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Bankruptcy Marital Debt and Divorce

Updated: Jun 23, 2022

BAPCPA (Bankruptcy Abuse Prevention And Consumer Protection Act) and Divorce



C. What Are Domestic Support Obligations and How Do They Arise?

Support obligations come in many forms and arise under a broad set of circumstances and assumptions. The most common are direct-pay obligations, where the debtor is under obligation to pay state-mandated spousal support or child support directly to ex-spouse in a specific amount each month. Such obligations typically end upon the emancipation of a minor, in the case of child support, or upon death or remarriage of the payee spouse or for a fixed period of years, in the case of spousal support. These types of payments are usually, but not always, made in incremental installments, such as monthly installments, although lump sum payments can also constitute support. Support obligations can also include the obligation to pay the mortgage for the ex-spouse's residence or to make car payments. These types of debts are payments by the payee to third parties for on-going essential needs of the former spouse. Still another type of obligation is the allocation of debt incurred during the marriage. This means that one spouse has agreed or has been ordered to be liable for payment of the parties' marital debt, and to make those payments directly to the third-party creditor. Credit card debt often comes under this category, and usually takes the form of an assumption of debt or a “hold harmless” agreement. This type of debt differs from direct payments for a mortgage or car payments, in that the debt being paid has already been incurred, and therefore arguably offers no direct support benefit to the other spouse. Other types of indirect payments include payment to the attorney of an ex-spouse for fees incurred in connection with nondischargeable debt.

In contrast to support obligations, other types of marital obligations are generally termed as equitable distribution of property or property division by parties to the divorce agreement and in domestic relations courts. These typically include payments in one or more lump sums. often with interest, that are not terminable upon death or remarriage of the payee spouse. These payments are sometimes, but not always, tied to the sale or division of specific marital property, such as a house or business.

Domestic support obligations may be characterized as alimony or property distribution for tax reasons. Alimony is deductible for the payor and taxable for the payee, whereas property distribution is not a taxable event. In addition, in most states, alimony is modifiable in state court. but property division is not.

While divorce courts have the right to allocate the responsibility to pay jointly-incurred marital debt to one party or another, the allocation does not, as a matter of law, affect the rights of a creditor. A creditor’s right to proceed against one or both parties is not extinguished simply because a divorce agreement requires one party to pay the debt. If the party responsible does not pay the debt, the auditor may proceed against the other party, notwithstanding the divorce agreement, This has important implications for parties to a divorce agreement. Divorce settlements are often structured to provide for one party to pay a joint debt. When the payer spouse repudiates the debt and seeks to have it discharged in bankruptcy, then the creditor may look to the other party to pay the debt. The parties may have already considered this when they created the settlement agreement and specifically labeled the obligation a, a form of support. Or, if discharge litigation arises, the payee spouse may seek to prove that the obligation of one spouse to joint debt directly to a creditor should be deemed support, even if it is not actually labeled as such.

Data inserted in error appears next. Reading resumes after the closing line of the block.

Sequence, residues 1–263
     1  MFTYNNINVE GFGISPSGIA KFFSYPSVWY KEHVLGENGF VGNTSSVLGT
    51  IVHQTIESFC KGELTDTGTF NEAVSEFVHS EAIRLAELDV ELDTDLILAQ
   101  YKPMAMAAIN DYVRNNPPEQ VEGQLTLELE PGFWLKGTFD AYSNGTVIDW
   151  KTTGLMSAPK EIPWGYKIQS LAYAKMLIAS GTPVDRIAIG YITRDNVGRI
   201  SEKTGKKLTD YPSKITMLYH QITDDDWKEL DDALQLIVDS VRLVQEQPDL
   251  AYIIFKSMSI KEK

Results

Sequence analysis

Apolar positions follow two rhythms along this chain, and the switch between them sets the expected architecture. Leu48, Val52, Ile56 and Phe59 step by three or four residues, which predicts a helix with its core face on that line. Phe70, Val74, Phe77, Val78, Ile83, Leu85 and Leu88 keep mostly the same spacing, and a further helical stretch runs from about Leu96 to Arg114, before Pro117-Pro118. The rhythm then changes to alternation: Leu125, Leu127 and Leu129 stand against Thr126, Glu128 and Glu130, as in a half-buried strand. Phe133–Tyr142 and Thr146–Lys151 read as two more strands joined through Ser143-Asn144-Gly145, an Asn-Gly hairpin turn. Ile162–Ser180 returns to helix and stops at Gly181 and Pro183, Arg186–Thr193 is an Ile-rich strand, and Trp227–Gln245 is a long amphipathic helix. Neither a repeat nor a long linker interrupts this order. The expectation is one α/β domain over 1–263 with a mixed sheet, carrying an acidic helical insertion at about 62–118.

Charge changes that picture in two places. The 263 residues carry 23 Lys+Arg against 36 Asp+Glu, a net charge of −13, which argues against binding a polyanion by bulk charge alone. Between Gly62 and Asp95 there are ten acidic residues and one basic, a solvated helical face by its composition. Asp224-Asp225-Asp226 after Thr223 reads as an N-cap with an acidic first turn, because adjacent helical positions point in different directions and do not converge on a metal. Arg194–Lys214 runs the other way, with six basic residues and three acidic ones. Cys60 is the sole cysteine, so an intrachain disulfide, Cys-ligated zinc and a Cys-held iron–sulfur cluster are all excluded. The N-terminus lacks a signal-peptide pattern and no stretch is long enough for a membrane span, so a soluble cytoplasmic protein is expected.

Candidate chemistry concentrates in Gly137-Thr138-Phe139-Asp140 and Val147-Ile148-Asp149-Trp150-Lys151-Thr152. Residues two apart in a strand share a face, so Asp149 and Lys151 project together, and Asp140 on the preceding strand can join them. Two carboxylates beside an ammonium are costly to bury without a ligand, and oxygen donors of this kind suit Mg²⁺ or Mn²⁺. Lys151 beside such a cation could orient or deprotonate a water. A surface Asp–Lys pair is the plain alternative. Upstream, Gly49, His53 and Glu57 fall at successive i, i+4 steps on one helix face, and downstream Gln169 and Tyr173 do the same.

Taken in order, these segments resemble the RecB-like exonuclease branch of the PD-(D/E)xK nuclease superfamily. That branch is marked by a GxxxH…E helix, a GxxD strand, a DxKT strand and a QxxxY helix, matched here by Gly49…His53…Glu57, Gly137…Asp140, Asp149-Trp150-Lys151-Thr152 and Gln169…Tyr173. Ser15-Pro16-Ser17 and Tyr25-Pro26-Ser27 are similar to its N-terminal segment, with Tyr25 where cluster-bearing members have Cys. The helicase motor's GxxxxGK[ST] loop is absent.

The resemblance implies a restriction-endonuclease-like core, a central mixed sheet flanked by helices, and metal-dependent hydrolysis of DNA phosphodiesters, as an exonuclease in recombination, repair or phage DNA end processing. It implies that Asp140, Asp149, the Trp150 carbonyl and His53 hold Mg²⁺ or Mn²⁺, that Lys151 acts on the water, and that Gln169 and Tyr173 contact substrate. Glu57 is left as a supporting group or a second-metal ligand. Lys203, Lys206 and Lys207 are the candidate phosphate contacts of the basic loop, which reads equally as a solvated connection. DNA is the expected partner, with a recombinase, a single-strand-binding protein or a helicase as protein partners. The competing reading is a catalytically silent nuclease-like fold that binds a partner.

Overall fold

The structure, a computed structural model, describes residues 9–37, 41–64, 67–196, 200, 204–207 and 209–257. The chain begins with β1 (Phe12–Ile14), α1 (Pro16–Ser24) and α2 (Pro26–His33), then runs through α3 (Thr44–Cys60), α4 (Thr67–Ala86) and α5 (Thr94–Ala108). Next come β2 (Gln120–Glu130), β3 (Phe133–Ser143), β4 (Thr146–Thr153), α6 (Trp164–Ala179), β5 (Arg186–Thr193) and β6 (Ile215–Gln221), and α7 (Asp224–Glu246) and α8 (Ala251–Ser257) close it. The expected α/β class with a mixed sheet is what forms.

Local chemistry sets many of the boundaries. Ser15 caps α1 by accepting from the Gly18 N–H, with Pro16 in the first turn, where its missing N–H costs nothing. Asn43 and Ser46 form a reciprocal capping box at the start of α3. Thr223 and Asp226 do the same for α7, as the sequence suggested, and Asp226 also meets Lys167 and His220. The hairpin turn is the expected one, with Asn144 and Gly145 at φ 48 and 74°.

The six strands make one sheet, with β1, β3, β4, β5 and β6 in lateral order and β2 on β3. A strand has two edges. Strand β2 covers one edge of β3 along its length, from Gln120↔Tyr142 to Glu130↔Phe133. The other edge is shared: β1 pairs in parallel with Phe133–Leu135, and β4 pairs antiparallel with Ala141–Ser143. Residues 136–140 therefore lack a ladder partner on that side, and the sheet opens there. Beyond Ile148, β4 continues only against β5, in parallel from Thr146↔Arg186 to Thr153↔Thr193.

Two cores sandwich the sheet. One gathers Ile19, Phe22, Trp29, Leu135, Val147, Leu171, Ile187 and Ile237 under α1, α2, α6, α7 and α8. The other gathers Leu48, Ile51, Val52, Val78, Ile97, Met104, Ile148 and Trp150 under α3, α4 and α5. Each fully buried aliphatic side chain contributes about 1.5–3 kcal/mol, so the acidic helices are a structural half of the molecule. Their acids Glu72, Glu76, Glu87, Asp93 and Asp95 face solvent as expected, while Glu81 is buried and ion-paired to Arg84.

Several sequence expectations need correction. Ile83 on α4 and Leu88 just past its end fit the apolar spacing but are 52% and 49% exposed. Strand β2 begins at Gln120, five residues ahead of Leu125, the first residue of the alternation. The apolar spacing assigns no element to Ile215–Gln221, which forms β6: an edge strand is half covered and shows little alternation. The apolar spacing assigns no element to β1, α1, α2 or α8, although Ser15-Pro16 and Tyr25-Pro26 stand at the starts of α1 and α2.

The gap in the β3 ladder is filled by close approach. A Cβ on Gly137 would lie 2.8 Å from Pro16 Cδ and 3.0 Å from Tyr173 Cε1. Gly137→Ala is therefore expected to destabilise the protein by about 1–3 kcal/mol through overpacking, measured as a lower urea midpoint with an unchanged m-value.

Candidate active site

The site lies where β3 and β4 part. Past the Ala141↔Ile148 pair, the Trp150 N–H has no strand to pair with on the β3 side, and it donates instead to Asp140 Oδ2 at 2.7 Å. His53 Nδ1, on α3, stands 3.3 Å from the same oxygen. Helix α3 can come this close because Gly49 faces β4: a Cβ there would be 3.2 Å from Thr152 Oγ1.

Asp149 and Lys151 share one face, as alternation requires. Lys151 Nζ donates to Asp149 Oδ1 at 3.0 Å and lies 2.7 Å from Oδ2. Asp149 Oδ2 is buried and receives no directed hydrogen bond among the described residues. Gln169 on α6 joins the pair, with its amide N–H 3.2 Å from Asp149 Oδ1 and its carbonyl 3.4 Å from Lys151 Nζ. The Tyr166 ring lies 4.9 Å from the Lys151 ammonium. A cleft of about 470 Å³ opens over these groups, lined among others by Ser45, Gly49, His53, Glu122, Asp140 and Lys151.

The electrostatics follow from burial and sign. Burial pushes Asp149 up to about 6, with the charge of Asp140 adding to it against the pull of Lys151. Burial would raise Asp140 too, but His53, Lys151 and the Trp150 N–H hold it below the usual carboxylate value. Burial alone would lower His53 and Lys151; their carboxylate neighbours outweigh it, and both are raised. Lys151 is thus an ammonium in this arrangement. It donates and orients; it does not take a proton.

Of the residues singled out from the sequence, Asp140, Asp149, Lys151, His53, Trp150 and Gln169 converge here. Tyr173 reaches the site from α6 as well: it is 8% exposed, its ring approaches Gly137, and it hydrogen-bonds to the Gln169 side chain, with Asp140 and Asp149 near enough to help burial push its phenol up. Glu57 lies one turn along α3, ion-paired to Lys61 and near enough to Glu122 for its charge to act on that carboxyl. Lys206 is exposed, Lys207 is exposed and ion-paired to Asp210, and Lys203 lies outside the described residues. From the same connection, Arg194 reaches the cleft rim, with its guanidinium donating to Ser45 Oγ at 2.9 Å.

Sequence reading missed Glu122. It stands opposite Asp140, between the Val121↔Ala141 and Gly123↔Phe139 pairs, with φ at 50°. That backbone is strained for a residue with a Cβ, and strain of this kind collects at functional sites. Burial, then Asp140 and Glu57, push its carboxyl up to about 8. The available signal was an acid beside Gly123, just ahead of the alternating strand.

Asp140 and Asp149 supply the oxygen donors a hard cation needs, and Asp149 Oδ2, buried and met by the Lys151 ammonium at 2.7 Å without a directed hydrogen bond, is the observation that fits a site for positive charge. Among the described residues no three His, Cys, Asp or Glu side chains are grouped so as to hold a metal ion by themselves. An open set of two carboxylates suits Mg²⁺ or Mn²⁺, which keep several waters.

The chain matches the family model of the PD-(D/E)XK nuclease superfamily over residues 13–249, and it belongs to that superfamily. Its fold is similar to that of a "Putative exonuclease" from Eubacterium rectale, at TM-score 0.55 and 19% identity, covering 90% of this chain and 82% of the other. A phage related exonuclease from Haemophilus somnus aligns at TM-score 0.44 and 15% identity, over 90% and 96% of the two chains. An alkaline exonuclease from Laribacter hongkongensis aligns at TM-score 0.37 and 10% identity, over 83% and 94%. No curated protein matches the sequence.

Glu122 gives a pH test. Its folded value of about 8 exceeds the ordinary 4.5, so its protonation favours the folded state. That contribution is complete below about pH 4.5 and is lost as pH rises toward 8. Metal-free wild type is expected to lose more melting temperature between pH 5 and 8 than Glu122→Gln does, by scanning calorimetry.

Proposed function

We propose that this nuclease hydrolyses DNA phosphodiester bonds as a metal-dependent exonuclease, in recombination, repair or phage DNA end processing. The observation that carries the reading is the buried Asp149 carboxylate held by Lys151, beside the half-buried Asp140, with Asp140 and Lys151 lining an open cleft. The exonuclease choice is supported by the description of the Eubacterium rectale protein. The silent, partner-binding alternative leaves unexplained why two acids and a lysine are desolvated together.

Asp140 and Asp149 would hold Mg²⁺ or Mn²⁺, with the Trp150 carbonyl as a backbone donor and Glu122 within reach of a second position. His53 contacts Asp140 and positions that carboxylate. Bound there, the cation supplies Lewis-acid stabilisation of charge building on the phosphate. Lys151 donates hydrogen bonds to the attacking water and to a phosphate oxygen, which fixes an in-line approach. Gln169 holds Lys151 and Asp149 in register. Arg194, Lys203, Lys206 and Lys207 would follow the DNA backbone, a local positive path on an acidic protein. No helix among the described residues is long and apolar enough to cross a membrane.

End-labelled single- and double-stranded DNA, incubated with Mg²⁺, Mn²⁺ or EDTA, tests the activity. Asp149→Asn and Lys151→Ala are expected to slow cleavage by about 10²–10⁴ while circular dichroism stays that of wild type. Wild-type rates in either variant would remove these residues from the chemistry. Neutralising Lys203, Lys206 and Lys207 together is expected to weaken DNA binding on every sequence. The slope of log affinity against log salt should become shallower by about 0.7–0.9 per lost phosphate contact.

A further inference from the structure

B. BAPCPA Amendments to §§ 523(a)(5) and (15)

The BAPCPA amendments to §§ 523(a)(5) and (15) are at once simple and dramatic (the revised language is in italics):

§523 Exceptions to Discharge

A discharge under section 727, 1141, 1228(a), 1228(b), or 1328(b) of this title does not discharge an individual debtor from any debt—


(5) for a domestic support obligation


(15) to a spouse, former spouse, or child of the debtor and not of the kind described in paragraph (5) that is incurred by the debtor in the course of a divorce or separation or in connection with a separation agreement, divorce decree or other of the court of record, or a determination made in accordance with the State or territorial law by a government unit...

The BAPCPA pares down the pre-BAPCPA verbiage of §§ 523 (a)(5) and (15) from 311 words to 97, and at glance appears to pretty much close off any debate over whether a divorce- or separation-related debt can ever be discharged. The BAPCPA also introduces a new term "domestic support obligation," in revised § 523(a)(5), and defines that term in new 101(14A). That section contains a four-factor definition of "domestic support obligation," as follows:

The term "domestic support obligation" means a debt that accrues before or after the entry of an order for relief under this title, including interest that accrues on that debt as provided under applicable nonbankruptcy law notwithstanding any other provision of this title. that is—